A man walks alone in Las Cruces shantytown in Bogotá. It is in shantytowns like Las Cruces that the Army recruited young men who were later victims of extrajudicial executions. The so-called ‘false positives’ scandal, in which security forces lured vulnerable youngsters to remote areas of the country with offers of work, killed them, and passed them off to authorities as guerrillas killed in battle, or buried them as CNI: “Cuerpo no identificado.” They did this in order to inflate body counts and thus receive promotions or other benefits. Bogotá, Capital District, Colombia, December 2012.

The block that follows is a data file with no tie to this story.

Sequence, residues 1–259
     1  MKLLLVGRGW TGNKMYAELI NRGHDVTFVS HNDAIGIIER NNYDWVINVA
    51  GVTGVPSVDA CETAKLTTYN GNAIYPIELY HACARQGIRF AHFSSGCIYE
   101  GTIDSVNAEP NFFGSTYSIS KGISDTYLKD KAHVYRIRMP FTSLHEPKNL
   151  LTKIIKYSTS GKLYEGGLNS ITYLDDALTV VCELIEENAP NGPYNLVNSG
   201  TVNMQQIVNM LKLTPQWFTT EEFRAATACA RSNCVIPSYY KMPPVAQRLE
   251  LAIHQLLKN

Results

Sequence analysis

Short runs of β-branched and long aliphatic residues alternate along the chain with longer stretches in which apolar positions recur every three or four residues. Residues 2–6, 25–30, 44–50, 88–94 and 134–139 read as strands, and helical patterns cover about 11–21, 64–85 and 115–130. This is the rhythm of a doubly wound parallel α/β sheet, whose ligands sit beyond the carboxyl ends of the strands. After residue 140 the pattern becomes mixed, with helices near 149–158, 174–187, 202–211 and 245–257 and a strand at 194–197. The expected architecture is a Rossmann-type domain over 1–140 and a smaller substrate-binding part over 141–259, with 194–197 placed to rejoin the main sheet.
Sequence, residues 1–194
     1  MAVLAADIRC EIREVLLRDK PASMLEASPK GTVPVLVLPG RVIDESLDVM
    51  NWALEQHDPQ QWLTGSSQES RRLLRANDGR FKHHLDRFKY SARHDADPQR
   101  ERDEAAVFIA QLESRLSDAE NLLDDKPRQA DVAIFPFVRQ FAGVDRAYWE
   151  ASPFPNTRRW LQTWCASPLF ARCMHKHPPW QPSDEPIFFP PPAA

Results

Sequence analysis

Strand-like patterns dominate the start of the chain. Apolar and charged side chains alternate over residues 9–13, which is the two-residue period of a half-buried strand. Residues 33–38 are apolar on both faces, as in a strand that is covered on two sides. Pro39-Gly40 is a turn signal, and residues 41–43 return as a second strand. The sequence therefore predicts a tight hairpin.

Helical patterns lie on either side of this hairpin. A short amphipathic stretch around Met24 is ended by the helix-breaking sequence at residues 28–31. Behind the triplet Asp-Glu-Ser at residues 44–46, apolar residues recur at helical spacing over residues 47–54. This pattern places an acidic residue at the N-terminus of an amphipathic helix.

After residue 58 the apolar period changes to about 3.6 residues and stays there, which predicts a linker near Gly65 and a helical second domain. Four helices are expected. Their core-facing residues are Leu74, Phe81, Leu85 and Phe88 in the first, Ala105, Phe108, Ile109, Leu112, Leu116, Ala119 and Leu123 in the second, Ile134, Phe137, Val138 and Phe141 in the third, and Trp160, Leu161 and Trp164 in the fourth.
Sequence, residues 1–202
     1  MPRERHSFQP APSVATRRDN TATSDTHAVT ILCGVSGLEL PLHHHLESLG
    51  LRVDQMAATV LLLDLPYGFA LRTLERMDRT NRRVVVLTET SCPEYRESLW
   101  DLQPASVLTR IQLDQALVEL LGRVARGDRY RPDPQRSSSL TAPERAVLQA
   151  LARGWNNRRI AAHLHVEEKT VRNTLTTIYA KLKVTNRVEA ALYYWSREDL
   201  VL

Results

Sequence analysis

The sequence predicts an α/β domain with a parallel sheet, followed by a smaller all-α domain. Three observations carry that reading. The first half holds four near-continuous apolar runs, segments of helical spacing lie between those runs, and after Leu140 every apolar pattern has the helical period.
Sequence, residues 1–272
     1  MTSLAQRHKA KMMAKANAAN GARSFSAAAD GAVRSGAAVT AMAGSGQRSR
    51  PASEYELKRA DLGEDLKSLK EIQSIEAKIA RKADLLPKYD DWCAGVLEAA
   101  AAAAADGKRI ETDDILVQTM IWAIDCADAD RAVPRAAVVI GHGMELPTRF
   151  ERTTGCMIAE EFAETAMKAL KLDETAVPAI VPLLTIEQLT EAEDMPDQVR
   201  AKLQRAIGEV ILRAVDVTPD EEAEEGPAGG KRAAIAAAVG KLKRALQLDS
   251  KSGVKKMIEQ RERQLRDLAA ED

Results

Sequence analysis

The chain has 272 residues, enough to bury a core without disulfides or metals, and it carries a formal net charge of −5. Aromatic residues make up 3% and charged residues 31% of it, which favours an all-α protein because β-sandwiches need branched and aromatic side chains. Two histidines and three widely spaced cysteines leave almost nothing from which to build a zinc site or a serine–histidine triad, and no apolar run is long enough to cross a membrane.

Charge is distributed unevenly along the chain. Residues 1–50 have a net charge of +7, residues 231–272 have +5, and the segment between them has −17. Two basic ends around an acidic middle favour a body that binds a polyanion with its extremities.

Photographer's Statement: 

Óscar Alexander Morales Tejada was 26 years old when he was assassinated and disappeared by soldiers in Northern Colombia in 2008. His parents, Darío and Doris, searched for his remains for years afterwards. His remains and those of 61 other people were recovered in the El Copey Alternative Cemetery between 2022 and 2023; it was not until early 2024 that his body was identified.

Óscar Alexander is among the thousands of victims of extrajudicial executions, part of the ‘false positive’ scandal where law enforcement brutally executed civilians. For years, members of the military lured economically disadvantaged or mentally impaired civilians to remote areas with promises of employment, then killed them to inflate body counts for promotions and economic rewards. They presented them as guerrillas killed in battle, or buried them as CNI: “cuerpos no identificados” (unidentified bodies). [1]